In a historic first for artificial intelligence, a computer program developed by Google DeepMind has successfully beaten a professional human player at the ancient game of Go.
The board game, which has its roots in ancient China some 3,000 years ago, has long been considered the ultimate test for artificial intelligence because of the large search space and the challenge of evaluating board position and moves. For those unfamiliar with the game which is hugely popular in Asia, it requires two players to alternative place black and white pieces onto a square grid with the goal of dominating the most territory.
The program, called AlphaGo, swept all five games against three-time European Go Champion and Chinese professional Fan Hui, the first time that a Go-professional has lost such a match. Now, the program will take on the world’s top player Lee Sedol from South Korea – called the Roger Federer of the Go world - in a match scheduled for March in Seoul.
“By beating Fan Hui, our program AlphaGo became the first program ever to beat a professional player in an even game with no handicap and, thus in so doing, achieving one of the longstanding grand challenges of AI,” Google DeepMind’s Demis Hassabis, a co-author on the finding that appear in the journal Nature Wednesday, told reporters.
“However, the more significant aspect of all this for us is that Alpha Go isn’t just an expert system built with handcrafted rules like, for example, DeepBlue was, but instead it uses general machine learning techniques to figure out for itself how to win at Go,” he said. “The ultimate challenge, though, which still lies ahead, is to beat one of the best players in the world.”
Go players acknowledge the success of AlphaGo but still held out hope that Sedol could win one for the humans.
"AlphaGo's strength is truly impressive! I was surprised enough when I heard Fan Hui lost, but it feels more real to see the game records,” Hajin Lee, the secretary general of the International Go Federation and a Korean Go Professional, said in a statement. “My overall impression was that AlphaGo seemed stronger than Fan, but I couldn't tell by how much. I still doubt that it's strong enough to play the world's top professionals, but maybe it becomes stronger when it faces a stronger opponent."
Sedol, for his part, said he was up for the challenge. “I have heard that Google DeepMind's AI is surprisingly strong and getting stronger, but I am confident that I can win at least this time," he said.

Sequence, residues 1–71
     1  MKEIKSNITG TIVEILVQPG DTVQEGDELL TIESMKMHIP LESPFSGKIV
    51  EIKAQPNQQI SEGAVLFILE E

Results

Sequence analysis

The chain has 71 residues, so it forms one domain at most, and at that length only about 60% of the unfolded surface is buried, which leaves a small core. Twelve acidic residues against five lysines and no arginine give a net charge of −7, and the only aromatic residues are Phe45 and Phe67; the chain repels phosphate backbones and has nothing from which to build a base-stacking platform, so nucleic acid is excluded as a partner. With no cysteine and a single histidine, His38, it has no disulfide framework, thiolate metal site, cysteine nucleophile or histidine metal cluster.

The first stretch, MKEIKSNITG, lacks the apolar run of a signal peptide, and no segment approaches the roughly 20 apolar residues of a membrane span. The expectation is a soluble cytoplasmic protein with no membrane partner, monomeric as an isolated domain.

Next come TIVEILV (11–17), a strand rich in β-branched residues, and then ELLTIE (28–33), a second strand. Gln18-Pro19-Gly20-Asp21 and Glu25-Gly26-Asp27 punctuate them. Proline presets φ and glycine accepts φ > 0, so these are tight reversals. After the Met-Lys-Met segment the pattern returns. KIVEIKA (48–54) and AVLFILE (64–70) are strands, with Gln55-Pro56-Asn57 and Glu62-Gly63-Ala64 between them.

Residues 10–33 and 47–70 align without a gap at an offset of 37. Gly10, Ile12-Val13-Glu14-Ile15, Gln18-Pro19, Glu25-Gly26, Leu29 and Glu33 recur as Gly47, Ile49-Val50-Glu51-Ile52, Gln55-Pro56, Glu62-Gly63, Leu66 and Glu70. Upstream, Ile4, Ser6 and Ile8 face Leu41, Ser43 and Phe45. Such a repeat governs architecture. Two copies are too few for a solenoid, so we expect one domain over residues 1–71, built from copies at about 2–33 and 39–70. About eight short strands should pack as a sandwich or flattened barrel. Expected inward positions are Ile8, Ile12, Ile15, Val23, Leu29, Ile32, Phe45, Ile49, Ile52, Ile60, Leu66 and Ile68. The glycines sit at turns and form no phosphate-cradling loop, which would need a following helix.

For many in the AI world, the victory was seen as a critical advancement for machines – that of playing games. After IBM's Deep Blue beat Gary Kasparov at chess in the 1990s, many set their sights on Go, which is considered far more complex – requiring an average of 200 moves to 20 for chess.
“Before this match, the best computer programs were not as good as the top amateur players and I was still expecting that it would be at least 5-10 years before a program would be able to beat the top human players; now it looks like this may be imminent,” Jon Diamond, president of the British Go Association and who was one of the early researchers in Computer Go at London University, said in a statement.
“One significant aspect of this match was that AlphaGo analyzed orders of magnitude fewer positions than Deep Blue did,” he continued. “DeepBlue also had a handcrafted evaluation function, which AlphaGo does not. These indicate the general improvements in AI techniques that Google DeepMind has achieved. This surely means that the technology behind it will be really useful in other knowledge domains."
The Google DeepMind researchers said their hope was that the success of AlphaGo would one day reach far beyond the world of gaming.
“While games are the perfect platform for developing and testing AI algorithms quickly and efficiently, ultimately we want to apply these techniques to important real world problems,” Hassabis said. “Because the methods we’ve used are general purpose, our hope is that one day they could be extended to help us address some of society’s toughest and most pressing problems – from medical diagnostics, to climate modeling to smart phone assistance. We’re excited to see what we can use this technology to tackle next.”